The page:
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Boise's peregrine falcon webcam up for 4th season!

April 6, 2012 - 10:41am -- idfg-daygen

BOISE, Idaho –The daily life of a wild Peregrine Falcon family in downtown Boise is once again on view via a web camera.

This is the fourth year that the webcam has followed the daily activities at a nest box on the 14th floor of One Capital Center, 10th and Main streets. The webcam may be seen at: peregrinefund.org/falconcam/

The nest box has been used each spring since 2003. Last year, four chicks successfully fledged from the nest, though one died about a month later from injuries suffered in a collision.

The ledge where the nest box is located simulates the high, steep cliffs the falcons use in the wild. The falcons, which strictly eat other birds, prey on a plentiful supply of pigeons, mourning doves, starlings and other birds downtown.

The web camera is sponsored by The Peregrine Fund, Idaho Department of Fish and Game, and Fiberpipe. The nest also can be viewed on monitors in the lobby of One Capital Center, courtesy of Oppenheimer Development Corporation and J.R. Simplot Company.

“The birds are currently in the midst of courtship,” said Connie Stanger, Curator of Birds at The Peregrine Fund’s World Center for Birds of Prey. “Webcam followers can expect loud vocalizations as the male brings food to the female. Watch for the birds bowing to each other and scraping out a depression in the gravel at the bottom of the box where the eggs will be laid.”

Last year, the female laid the first of four eggs on April 7. Hatching began on May 16 and the first flight from the nest occurred on June 24. The young birds stayed in the downtown area for several weeks to hone their flying and hunting skills under the watchful eyes of their parents, and Boise residents. “There is only one other building in Idaho that is home to a nesting pair of peregrine falcons,” said Colleen Moulton, Avian Ecologist at the Idaho Department of Fish Game. “Boise is very lucky to have front row seats to the amazing process of raising young falcons.”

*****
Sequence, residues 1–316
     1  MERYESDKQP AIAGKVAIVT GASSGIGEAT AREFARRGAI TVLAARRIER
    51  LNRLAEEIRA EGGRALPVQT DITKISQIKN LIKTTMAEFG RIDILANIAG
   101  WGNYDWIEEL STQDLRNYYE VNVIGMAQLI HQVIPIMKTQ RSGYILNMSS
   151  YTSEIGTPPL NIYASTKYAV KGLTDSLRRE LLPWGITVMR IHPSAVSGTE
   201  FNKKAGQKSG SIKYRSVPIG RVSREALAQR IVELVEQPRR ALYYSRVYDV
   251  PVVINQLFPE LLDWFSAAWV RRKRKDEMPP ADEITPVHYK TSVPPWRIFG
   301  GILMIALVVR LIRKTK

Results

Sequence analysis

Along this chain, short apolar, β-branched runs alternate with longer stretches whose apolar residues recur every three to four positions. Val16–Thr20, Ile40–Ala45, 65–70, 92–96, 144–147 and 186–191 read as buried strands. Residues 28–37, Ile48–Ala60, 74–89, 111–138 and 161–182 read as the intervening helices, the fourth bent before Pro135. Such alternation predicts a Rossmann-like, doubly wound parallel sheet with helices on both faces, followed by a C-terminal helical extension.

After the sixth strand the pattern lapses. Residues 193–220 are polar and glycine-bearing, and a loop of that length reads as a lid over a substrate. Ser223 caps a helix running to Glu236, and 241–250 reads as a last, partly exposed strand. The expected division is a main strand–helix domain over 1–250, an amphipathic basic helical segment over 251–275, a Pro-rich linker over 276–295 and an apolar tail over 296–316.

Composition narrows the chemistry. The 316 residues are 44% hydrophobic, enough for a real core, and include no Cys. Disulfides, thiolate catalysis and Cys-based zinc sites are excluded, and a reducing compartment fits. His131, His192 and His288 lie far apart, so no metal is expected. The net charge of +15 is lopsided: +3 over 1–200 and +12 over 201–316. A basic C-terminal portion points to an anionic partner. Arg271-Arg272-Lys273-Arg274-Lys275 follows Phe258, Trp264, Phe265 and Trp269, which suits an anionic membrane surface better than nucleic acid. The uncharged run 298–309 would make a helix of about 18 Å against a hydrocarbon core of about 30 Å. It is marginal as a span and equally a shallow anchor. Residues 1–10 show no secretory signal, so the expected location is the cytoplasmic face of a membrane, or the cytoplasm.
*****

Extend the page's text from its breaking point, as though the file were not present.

Background

Once an endangered species, the Peregrine Falcon was restored through the release of captive-bred young by The Peregrine Fund. The population had been decimated by DDT, a pesticide that thinned the eggshells of many types of raptors, including the Bald Eagle. The Peregrine Falcon was removed from the Endangered Species List in 1999 but population numbers continue to be monitored by the U.S. Fish and Wildlife Service and individual states.

The Peregrine Falcon was removed from Idaho’s list of endangered species in 2009 on the 10th anniversary of the federal delisting. Like all birds of prey, the falcons remain fully protected by state and federal law.

Peregrine Falcons were essentially gone from Idaho by 1974. Starting in 1982, captive-bred falcons were released into the wild in Idaho and nearby states. In 1985, the raptors were again documented as a breeding species and releases were discontinued. Eight falcons were released in downtown Boise in 1988 and 1989. Today, there are about two dozen breeding pairs scattered around the state.

Did you know?

  • Nest: Falcons do not build nests. Eggs are laid and incubated in a “scrape,” a depression in the gravel that the falcons build by pushing the gravel out behind them with their legs.
  • Pairs: Peregrine Falcons generally keep the same mate from year to year, but if one dies, the surviving bird will seek another.
  • Eggs: A typical clutch is 3 to 4 eggs, which are incubated for 32 to 35 days. The parents will use their beaks to roll and shift the eggs periodically during incubation. The male assists by sitting on the eggs while the female leaves to eat. The eggs will not hatch if they are infertile or the young dies during incubation.
  • Chicks: Called an eyas, a chick stays warm under its parent during the brooding period. Chicks are fed by both parents, who make sure each chick receives enough to eat. They are in the nest for six to seven weeks.
  • Fledging: Chicks prepare to leave the nest by flapping their wings in the nest, then taking short test flights. For about six weeks, they continue to be fed by their parents while honing their flying and hunting skills before striking out on their own.